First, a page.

auth = self.get_auth()
                    if request.method != 'OPTIONS':  # pragma: no cover
                        password = self.get_auth_password(auth)
    
                        if not (self.authenticate(auth, password) and
                                self.authorize(auth, endpoint_roles)):
                            request.data  # empty the stream
                            return self.auth_error_callback()
    
                    return f(*args, **kwargs)
                return decorated
            return decorator
    
        def authorize(self, auth, endpoint_roles):
            """ if any of the roles of the user correspond to the endpoint roles; the user gets access """
            if not auth.username:
                return False
            user_roles = self.get_user_roles_callback(auth.username)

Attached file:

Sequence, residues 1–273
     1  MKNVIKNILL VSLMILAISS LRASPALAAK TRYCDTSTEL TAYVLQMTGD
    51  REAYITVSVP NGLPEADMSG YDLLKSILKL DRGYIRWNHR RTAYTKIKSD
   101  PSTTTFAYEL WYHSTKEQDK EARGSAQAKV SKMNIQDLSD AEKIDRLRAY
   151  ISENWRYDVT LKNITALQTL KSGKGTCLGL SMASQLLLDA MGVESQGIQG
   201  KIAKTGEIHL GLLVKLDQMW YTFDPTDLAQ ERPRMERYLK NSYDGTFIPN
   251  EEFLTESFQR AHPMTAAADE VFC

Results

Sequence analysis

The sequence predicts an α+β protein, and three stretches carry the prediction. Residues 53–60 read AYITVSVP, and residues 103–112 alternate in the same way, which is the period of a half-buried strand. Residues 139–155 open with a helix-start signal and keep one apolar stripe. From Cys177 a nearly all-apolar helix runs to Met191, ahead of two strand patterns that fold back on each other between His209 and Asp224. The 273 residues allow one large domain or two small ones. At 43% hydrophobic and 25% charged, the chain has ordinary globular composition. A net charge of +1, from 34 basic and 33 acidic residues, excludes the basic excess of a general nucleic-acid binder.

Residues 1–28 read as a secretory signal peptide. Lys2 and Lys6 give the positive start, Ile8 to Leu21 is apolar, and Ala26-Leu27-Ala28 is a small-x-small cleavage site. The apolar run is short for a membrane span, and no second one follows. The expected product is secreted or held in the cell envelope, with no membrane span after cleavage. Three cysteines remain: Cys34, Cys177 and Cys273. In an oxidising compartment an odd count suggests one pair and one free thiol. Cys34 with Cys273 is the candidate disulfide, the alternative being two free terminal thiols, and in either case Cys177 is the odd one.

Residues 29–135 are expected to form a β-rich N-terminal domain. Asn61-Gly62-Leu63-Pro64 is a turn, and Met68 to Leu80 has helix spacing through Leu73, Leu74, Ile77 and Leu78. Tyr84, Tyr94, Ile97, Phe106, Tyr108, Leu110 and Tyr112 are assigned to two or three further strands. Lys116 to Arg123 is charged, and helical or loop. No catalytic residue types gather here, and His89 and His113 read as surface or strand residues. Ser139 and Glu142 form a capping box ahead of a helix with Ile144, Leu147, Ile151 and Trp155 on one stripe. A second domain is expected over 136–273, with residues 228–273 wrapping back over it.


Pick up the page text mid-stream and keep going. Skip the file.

return any(role in endpoint_roles for role in user_roles)
    

    used as in:

        @route('/try_roles/<data>', methods=['GET'])
        @auth.roles_required("super", "security")
        def try_login_with_roles(self, data):
            """ roles test url """
            return {"success": True, "data": data}
    

    compared to:

        @route('/try_login/<data>', methods=['GET'])
        @auth.login_required
        def try_login(self, data):
            """ login test url """
            return {"success": True, "data": data}
    

    with roles_required a replacement for login_required with the additional requirement that the user has one of the roles (obtained through the get_user_roles callback) set by the decorator.